By Amy Skalmusky, Senior Contributing Reporter
RIO DE JANEIRO, BRAZIL – Brazil’s worst natural disaster in history, the floods and mudslides in the mountainous region of the State of Rio known as Região Serrana, brought out the best in many by way of record donations. One of the sources of over US$1 million in cash, material and service donations was the +Unidos (Mais Unidos) Group, a partnership between over 100 American companies in Brazil, and the U.S. government (USAID).
“Companies were calling us asking how they could help,” said Alex Araujo, Partnership Development Officer for USAID. “Our goal was to be able to provide a coordinated response.”
According to Araujo, they were able to take advantage of the expertise and capabilities of each of the partner companies for a more effective response. Companies like Wal-Mart used its large network of stores to set up donation collection points, and FedEx transported donations to where they were needed.
Started in 2006, the +Unidos Group seeks to promote visibility for its participant’s CSR investments in environment, social and economic-related projects; disseminate best practices and success stories; and foster partnerships.
The U.S. Mission in Brazil contacted private companies to find out the types of environmental, health, socio-economic, and educational projects they had to identify opportunities for collaboration. They found that the companies could benefit from each others experiences and complimentary resources, as well as USAID’s technical assistance and development expertise to get the projects off paper and into the community.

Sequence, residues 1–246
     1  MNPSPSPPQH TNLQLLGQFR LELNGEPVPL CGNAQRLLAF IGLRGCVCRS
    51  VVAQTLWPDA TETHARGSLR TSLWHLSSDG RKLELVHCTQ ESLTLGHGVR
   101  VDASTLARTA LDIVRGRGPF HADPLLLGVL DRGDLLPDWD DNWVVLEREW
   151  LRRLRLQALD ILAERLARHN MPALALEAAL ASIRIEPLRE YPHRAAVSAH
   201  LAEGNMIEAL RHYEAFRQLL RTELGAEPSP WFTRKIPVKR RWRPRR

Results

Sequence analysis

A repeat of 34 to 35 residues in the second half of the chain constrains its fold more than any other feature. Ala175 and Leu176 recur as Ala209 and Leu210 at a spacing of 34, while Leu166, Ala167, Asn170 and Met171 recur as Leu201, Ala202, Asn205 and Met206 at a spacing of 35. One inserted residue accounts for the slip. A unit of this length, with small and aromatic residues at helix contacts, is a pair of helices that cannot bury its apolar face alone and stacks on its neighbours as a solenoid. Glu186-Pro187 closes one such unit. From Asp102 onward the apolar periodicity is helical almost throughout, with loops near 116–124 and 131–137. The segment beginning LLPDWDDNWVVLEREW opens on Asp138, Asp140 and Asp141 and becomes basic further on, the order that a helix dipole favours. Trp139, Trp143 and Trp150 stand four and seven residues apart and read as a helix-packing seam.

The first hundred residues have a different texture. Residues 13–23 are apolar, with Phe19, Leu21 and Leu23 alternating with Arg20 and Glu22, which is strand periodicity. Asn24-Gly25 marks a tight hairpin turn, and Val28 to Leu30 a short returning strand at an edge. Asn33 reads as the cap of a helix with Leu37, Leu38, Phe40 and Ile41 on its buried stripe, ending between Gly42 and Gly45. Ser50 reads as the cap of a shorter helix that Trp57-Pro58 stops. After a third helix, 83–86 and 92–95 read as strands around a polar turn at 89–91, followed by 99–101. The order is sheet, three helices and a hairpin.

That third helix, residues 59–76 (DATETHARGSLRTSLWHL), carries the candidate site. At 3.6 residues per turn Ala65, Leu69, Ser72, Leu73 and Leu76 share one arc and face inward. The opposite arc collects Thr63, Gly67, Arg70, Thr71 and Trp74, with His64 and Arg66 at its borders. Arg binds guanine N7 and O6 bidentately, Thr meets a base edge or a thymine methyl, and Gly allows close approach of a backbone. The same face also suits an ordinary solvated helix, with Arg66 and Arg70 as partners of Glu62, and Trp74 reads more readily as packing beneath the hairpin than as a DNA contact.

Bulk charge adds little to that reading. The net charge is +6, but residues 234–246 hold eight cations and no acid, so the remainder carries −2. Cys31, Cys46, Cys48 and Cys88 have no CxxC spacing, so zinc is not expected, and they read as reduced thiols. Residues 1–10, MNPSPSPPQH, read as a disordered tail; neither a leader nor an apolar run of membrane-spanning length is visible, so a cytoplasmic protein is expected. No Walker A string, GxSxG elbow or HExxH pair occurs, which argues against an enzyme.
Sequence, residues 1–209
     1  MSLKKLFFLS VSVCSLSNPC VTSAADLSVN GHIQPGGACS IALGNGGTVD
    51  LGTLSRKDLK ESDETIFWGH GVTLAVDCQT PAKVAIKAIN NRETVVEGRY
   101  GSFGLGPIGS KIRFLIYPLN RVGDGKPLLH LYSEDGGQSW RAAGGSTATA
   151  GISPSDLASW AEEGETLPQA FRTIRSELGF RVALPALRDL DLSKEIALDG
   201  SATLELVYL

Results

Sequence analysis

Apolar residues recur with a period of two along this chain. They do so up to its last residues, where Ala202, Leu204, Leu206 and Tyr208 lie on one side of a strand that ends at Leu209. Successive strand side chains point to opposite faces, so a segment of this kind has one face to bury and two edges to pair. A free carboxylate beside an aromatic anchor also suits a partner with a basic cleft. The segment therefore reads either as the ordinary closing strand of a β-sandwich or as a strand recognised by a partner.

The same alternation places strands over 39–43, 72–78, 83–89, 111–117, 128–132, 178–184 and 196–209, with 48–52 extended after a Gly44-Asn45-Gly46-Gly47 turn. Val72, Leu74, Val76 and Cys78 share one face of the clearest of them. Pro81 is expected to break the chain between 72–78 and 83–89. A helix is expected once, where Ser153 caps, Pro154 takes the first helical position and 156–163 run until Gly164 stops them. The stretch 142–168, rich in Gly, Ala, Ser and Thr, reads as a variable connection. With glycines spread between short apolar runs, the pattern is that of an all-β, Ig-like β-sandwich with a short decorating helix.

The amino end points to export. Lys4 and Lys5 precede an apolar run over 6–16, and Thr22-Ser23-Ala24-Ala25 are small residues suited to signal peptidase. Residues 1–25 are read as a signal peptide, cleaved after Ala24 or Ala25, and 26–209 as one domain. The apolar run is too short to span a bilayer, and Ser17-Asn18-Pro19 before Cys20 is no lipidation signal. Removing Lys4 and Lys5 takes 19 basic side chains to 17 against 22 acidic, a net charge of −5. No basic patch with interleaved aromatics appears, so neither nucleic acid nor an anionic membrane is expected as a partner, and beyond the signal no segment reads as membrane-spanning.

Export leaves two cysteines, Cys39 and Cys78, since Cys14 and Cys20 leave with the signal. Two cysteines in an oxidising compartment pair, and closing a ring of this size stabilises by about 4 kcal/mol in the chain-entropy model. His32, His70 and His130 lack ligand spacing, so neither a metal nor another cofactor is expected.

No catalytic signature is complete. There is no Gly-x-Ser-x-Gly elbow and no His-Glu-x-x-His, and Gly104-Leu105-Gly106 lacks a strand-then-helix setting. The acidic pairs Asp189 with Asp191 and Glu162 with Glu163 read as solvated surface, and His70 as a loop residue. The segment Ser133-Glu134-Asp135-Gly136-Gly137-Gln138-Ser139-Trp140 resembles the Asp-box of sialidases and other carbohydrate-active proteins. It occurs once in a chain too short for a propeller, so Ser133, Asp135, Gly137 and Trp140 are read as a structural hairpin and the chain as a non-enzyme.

Many of the +Unidos Group projects are bi-lateral, or involve a single or small group of companies, such as USAID’s-Qualcomm’s “Fishing with 3G Nets”. The project gives Fishermen in Santa Cruz Cabralia, Bahia broadband access, 3G mobile Internet, custom applications for managing fishing businesses, equipment, and training.
Another good example is USAID-ExxonMobil partnership to promote the preservation of biodiversity in the Amazon region through environmental awareness and educational activities among urban and rural populations.
However, +Unidos most recent educational program, called +Oportunidades (More Opportunities), is taking advantage of the power of the group. It is the first joint project of the organization, and will provide English language training and employability skills to 1,000 disadvantaged young people in Rio de Janeiro per year.
“It’s a change of paradigm,” said Alex Alves, Partnership Development Officer for USAID. “Companies don’t need to reinvent the wheel; they can contribute and become partners on a project.”
This type of effort is a first in Latin America and unique to Brazil. Unlike traditional programs where the government is fully responsible for the investment and management of the project, +Unidos is a partnership between the two sectors, public and private.
U.S. Secretary of State, Hillary Clinton, mentioned the +Unidos Group during her visit to Ecuador last year, saying that it is an example of innovative partnerships that contribute to the promotion and advancement of worthy projects as part of corporate social responsibility practices.